Among 38,473 hospitalizations, empiric coverage varied widely across hospitals (MRSA lowest vs highest, 8.2% vs 42.0%; PAER lowest vs highest, 13.9% vs 44.4%). Detection rates also varied (MRSA lowest vs highest, 0.5% vs 3.6%; PAER lowest vs highest, 0.6% vs 3.7%). Whereas coverage was greatest among patients with recent hospitalizations (AP for anti-MRSA, 54%; AP for anti-PAER, 59%) and long-term care (AP for anti-MRSA, 60%; AP for anti-PAER, 66%), detection was greatest in patients with a previous history of a positive culture (AP for MRSA, 7.9%; AP for PAER, 11.9%) and in hospitals with a high prevalence of the organism in pneumonia (AP for MRSA, 3.9%; AP for PAER, 3.2%). Low hospital complexity and rural setting were strong negative predictors of coverage but not of detection.
Hospitals demonstrated widespread variation in both coverage and detection of MRSA and PAER, but probability of coverage correlated poorly with probability of detection. Factors associated with empiric coverage (eg, healthcare exposure) were different from those associated with detection (eg, microbiology history). Providing microbiology data during empiric antibiotic decision making could better align coverage to risk for resistant pathogens and could promote more judicious use of broad-spectrum antibiotics.
We study the abundance of the remnants of stars that reionized the Universe in galaxies in the present day Universe using the eagle cosmological hydrodynamical simulation. High mass galaxies contain most of these ‘reionizers’. The fractional number of galaxies that do not host reionizers increases with decreasing stellar mass, M⋆. For the galaxies that host reionizers, the fraction of mass of the galaxy in reionizers increases with decreasing M⋆, such that the fraction is low (~10−4) for high mass galaxies and can be as high as 0.1 in low mass galaxies, M⋆ ≤ 107 M⊙. In Milky-Way like galaxies, the distribution of reionizers is spatially more extended than that of normal stars.
The use of psychological treatments for patients presenting with physical health problems has a long history. A Persian physician used exploratory psychotherapy over 1200 years ago to successfully treat a patient's psoriasis, by linking it to conflict with his father (Shafi & Shafi, 1979). Alexander (1950) was one of the great pioneers of psychosomatic medicine of the 20th century. Although he recognised that the aetiology of disease was multifactorial, he speculated that in a number of diseases (including hypertension, rheumatoid arthritis, peptic ulcer and asthma) psychological factors might be of aetiological importance. The notion that psychological factors may be relevant to either the genesis or the progression of physical illness persists. We now know that there is a strong association between most chronic diseases and psychiatric disorder, especially depression (Katon & Sullivan, 1990). Increasing awareness of this has led to an upsurge in the literature assessing psychological interventions in this area.
Even though only a minority of patients with physical illnesses meet criteria for psychiatric disorder, psychologically determined consequences of physical illness are common, clinically significant and potentially treatable. Indeed, it has been argued that psychological skills are essential in the management of all physical disorders (Mayou, 2005). Psychological treatments are not only useful for patients who have psychiatric disorder in addition to physical illness but are also beneficial in patients without psychiatric disorder who have difficulties arising from problematic illness beliefs, illness behaviour or adjustment to illness. Not infrequently these distinctions overlap, such as non-epileptic attacks in a patient who has epilepsy, or breathlessness secondary to panic attacks in a patient with asthma.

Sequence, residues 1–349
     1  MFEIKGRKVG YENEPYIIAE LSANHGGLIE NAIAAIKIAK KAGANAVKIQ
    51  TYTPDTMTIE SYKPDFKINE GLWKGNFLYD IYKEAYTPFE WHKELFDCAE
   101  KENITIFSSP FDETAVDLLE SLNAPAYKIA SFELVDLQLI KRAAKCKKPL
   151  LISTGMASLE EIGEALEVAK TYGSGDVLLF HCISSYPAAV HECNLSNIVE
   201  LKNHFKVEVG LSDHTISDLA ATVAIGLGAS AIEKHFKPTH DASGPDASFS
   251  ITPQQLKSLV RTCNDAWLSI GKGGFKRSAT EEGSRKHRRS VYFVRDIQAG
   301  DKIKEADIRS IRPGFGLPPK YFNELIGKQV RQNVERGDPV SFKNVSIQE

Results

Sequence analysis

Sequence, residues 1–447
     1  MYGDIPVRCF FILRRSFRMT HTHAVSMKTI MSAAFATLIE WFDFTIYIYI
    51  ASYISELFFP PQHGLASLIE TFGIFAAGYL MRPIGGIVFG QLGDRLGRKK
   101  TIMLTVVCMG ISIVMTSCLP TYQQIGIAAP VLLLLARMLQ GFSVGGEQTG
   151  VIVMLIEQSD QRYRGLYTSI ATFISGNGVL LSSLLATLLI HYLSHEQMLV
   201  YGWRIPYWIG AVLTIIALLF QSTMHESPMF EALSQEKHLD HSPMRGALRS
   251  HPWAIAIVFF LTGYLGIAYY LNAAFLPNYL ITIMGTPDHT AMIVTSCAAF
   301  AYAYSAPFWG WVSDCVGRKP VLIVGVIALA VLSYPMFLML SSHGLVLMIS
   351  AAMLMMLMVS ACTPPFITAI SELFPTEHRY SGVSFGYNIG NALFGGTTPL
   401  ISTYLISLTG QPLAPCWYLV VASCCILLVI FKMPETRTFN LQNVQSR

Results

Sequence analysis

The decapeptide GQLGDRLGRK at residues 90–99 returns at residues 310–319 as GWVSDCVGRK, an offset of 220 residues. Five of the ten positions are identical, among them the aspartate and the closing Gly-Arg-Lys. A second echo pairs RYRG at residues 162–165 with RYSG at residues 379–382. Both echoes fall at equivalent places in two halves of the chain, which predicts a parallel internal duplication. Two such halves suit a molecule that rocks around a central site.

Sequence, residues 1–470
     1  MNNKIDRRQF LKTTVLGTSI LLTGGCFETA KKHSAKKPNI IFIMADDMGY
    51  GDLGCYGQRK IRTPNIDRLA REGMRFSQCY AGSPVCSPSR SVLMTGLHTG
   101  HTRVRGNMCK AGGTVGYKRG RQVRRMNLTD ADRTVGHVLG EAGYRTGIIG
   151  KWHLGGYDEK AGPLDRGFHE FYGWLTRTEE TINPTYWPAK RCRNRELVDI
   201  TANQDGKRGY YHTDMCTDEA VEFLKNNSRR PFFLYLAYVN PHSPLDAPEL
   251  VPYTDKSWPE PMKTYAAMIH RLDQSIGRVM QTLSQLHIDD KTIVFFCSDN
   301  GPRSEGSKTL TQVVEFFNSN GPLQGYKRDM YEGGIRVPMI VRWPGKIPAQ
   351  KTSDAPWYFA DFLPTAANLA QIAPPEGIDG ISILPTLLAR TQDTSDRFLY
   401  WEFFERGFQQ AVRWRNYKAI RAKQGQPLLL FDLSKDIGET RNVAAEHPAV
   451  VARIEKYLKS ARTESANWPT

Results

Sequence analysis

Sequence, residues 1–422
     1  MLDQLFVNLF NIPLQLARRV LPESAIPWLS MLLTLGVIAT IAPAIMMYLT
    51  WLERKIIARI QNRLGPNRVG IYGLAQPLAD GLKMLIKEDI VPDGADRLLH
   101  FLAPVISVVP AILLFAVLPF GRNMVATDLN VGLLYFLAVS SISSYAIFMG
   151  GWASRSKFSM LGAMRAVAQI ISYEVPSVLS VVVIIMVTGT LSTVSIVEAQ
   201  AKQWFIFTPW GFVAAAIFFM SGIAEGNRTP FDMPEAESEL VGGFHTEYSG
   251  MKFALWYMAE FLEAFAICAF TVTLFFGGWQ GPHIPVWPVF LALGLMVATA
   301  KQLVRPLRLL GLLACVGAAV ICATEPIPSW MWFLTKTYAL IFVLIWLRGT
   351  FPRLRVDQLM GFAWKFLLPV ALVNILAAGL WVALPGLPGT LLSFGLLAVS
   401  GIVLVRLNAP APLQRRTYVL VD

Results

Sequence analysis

Psychological therapy has been particularly neglected in older patients, who are most at risk of physical illness and often require longer periods of treatment. However, there is no evidence that they do not respond to psychological treatment and many may benefit (Evans, 2007). The focus of this chapter is on psychological treatments for patients who are physically ill and those who present with medically unexplained symptoms. It will not cover treatments in other areas of liaison psychiatry such as self-harm, substance misuse, eating disorders or perinatal psychiatry, which have been addressed in the relevant chapters in this book.
St Andrews was of tremendous significance in medieval Scotland. Its importance remains readily apparent in the buildings which cluster the rocky promontory jutting out into the North Sea: the towers and walls of cathedral, castle and university provide reminders of the status and wealth of the city in the Middle Ages. As a centre of earthly and spiritual government, as the place of veneration forScotland's patron saint and as an ancient seat of learning, St Andrews was the ecclesiastical capital of Scotland. This volume provides the first full study of this special and multi-faceted centre throughout its golden age. The fourteen chapters use St Andrews as a focus for the discussion of multiple aspects of medieval life in Scotland. They examine church, spirituality, urban society andlearning in a specific context from the seventh to the sixteenth century, allowing for the consideration of St Andrews alongside other great religious and political centres of medieval Europe.
Michael Brown is Professor of Medieval Scottish History, University of St Andrews; Katie Stevenson is Keeper of Scottish History and Archaeology, National Museums Scotland and Senior Lecturer in Late Medieval History, University of St Andrews.
Contributors: Michael Brown, Ian Campbell, David Ditchburn, Elizabeth Ewan, Richard Fawcett, Derek Hall, Matthew Hammond, Julian Luxford, Roger Mason, Norman Reid, Bess Rhodes, Catherine Smith, Katie Stevenson, Simon Taylor, Tom Turpie.